Have you ever stormed out of a restaurant, regretting having paid their service charge? Well, you'll may never have to do that again. The Ministry of Consumer Affairs stated on December 14, 2016, that customers dissatisfied with the service rendered to them could choose not to pay the service charge levied by the hotel or restaurant. The Government had clarified earlier in the Parliament that the authorities could act against those levying a service charge without the knowledge and consent of consumers on charges of indulging in ‘unfair trade practices’. The statement also stressed the need of the State Government to sensitize businesses operating in the food and hospitality industry to display information that service charge is optional in their premises. The Ministry said this was done due to the increasing number of complaints from the consumers who said they were being forced to pay service charge in lieu of tips, between 5 % and 20%, irrespective of the kind of service provided.

However, on January 2, 2017, the National Restaurant Association of India (hereinafter referred to as the ‘NRAI’) vociferously clarified that the charging of service charge is a matter of policy of an individual restaurant, and a customer not happy with the charging of the same has the discretion of not using the facility by the restaurant. The NRAI also stated that there are even judicial pronouncements to support that ‘service charge’ can be charged by hotels and restaurants. The same has been upheld by the National Consumer Disputes Redressal Commission, in Nitin Mittal vs. Pind Baluchi (2012), Wenger & Company and others vs. their Workmen (1963) and Ram Bagh Palace Hotel, Jaipur vs. The Rajasthan Hotel Workers Union, Jaipur (1976).

The NRAI also assures that the charges would be clearly displayed in the menu cards of the restaurants so that the consumers are aware of all the charges they are paying.

However, the cases cited by the NRAI do not directly relate to the court favoring the charging of service charge from the consumers. Therefore, there is a need to further analyze the concerned judgements.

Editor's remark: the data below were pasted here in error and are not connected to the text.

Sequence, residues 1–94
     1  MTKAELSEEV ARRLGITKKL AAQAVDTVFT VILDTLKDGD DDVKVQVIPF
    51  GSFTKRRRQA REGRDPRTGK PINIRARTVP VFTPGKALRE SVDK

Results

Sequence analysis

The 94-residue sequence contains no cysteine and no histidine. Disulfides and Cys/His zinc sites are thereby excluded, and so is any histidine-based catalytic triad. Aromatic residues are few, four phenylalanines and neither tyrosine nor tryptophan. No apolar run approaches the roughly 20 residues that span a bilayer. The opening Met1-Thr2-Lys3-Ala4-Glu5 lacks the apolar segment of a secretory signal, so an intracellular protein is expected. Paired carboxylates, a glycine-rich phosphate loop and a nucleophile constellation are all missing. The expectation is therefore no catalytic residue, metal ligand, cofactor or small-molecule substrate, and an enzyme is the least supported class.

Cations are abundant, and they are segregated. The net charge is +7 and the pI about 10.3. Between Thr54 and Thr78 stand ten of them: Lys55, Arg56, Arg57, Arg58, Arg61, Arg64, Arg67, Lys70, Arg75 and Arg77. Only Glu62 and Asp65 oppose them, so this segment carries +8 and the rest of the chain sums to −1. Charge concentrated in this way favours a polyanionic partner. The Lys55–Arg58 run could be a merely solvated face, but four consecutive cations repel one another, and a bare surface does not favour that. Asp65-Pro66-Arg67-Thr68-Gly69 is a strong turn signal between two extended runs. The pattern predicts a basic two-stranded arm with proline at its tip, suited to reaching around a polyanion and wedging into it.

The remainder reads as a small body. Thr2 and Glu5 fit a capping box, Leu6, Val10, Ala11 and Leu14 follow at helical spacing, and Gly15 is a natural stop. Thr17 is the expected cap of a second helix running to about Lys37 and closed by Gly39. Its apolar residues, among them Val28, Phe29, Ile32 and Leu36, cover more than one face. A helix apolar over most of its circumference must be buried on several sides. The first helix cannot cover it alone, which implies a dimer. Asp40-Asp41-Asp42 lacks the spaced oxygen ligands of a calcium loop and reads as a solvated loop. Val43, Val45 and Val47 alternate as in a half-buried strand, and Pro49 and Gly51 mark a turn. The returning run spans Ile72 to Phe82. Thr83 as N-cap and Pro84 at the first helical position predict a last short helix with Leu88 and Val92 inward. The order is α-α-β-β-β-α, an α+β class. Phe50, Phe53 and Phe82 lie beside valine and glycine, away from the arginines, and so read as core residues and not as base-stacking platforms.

In Nitin Mittal vs. Pind Baluchi (2012), the petitioner filed the case relating to the difference in the charges for packed food and the food which was served in the restaurant. The Court held that there can be some difference in the above two charges, since it is a contractual matter between the parties and the extra charge may be for maintenance of the restaurants. In this concerned case, no emphasis was given solely on the matter of service charge by the court. However, the case was decided against the petitioners, since the petitioners were not clear with the issues and claims. The judgement cannot form a strong precedent in favor of charging of service charge.

In the case of, Management of Wenger & Co. vs. Their Workmen (1962), the issue revolved round the dispute between the hotel management and its workmen and the matter did not directly relate to the issue of payment of service charge by the consumers. Therefore, the NRAI has erred in citing this judgment as a precedent to back their argument in favor of paying service charge by the consumers.

Lastly, in the case of Rambagh Palace Hotel, Jaipur vs. The Rajasthan Hotel Workers (1976) though there is little mention about the dispute of service charge and the service charge being properly utilized for workers or maintenance and the dearness allowance given to the employees, however there is no significant mention of the issue relating to the payment and non-payment of the service charge by the consumers. Thus, this judgement also cannot be used as a judicial precedent by the NRAI to back their argument.

It will be interesting to note further developments in this matter as globally speaking, service charge is very common and known by different names like ‘tips’ in UK and ‘gratuity’ in the US.